Issue Date: October 8, 2007
White House Holds Climate-Change Conference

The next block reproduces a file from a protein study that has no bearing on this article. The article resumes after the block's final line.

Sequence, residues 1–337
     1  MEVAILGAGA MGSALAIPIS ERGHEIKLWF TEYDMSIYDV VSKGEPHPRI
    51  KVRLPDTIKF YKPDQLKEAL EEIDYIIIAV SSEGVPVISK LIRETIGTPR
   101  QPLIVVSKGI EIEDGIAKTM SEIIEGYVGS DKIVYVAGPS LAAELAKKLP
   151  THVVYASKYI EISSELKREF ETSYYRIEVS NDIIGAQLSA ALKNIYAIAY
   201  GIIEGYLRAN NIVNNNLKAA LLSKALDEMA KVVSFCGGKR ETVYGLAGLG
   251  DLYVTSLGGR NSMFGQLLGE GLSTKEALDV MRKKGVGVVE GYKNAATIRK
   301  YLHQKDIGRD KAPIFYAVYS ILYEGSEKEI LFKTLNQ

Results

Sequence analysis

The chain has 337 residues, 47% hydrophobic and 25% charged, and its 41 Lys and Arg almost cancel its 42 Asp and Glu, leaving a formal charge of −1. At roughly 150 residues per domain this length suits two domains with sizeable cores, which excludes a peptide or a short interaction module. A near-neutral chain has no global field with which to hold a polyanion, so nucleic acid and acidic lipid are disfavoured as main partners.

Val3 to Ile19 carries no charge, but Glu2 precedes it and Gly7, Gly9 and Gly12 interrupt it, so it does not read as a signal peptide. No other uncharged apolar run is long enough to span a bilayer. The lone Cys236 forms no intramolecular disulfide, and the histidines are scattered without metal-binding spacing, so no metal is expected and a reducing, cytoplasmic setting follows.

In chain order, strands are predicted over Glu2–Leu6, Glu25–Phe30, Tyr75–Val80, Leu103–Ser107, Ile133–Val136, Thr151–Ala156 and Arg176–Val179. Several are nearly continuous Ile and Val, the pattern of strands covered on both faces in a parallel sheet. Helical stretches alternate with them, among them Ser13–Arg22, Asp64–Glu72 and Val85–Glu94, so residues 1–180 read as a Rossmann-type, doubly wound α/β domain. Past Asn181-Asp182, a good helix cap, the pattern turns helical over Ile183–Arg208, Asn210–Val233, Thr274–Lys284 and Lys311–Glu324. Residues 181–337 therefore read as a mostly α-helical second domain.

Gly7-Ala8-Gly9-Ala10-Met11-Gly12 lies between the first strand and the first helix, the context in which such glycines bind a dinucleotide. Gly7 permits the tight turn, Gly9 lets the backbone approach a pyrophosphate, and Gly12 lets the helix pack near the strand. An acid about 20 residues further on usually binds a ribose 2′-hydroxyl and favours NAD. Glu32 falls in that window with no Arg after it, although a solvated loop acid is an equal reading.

A White House conference on climate change, held on Sept. 27 and 28 with the world's major carbon-emitting nations, was supposed to show that President George W. Bush is serious about tackling climate issues, but other participants criticized his voluntary approach to the problem. "Energy security and climate change are two of the great challenges of our time. The United States takes these challenges seriously," Bush said in a speech at the State Department on the second day of the meeting. He proposed a summit next year of major CO2 emitters to set a long-term global goal for reducing greenhouse gases. However, he repeated his position that the goal should be an aspiration, not mandatory, and that each country should design its own strategy for achieving the long-term goal. The European Commission, which represents 27 countries, expressed strong disapproval of the voluntary approach Bush advocates. A global reduction of 50% in greenhouse gases by 2050 "must be the absolute minimum effort ... to limit the risk of the global climate going beyond the famous 'tipping point' of no return," said Mogens Peter Carl, EC director general for environment, at a conference press briefing. And to achieve this goal, he said, the developed nations that are responsible for 80% of the CO2 already in the atmosphere need to make firm commitments to reduce emissions at least 30% by 2020 and 60-80% by 2050.
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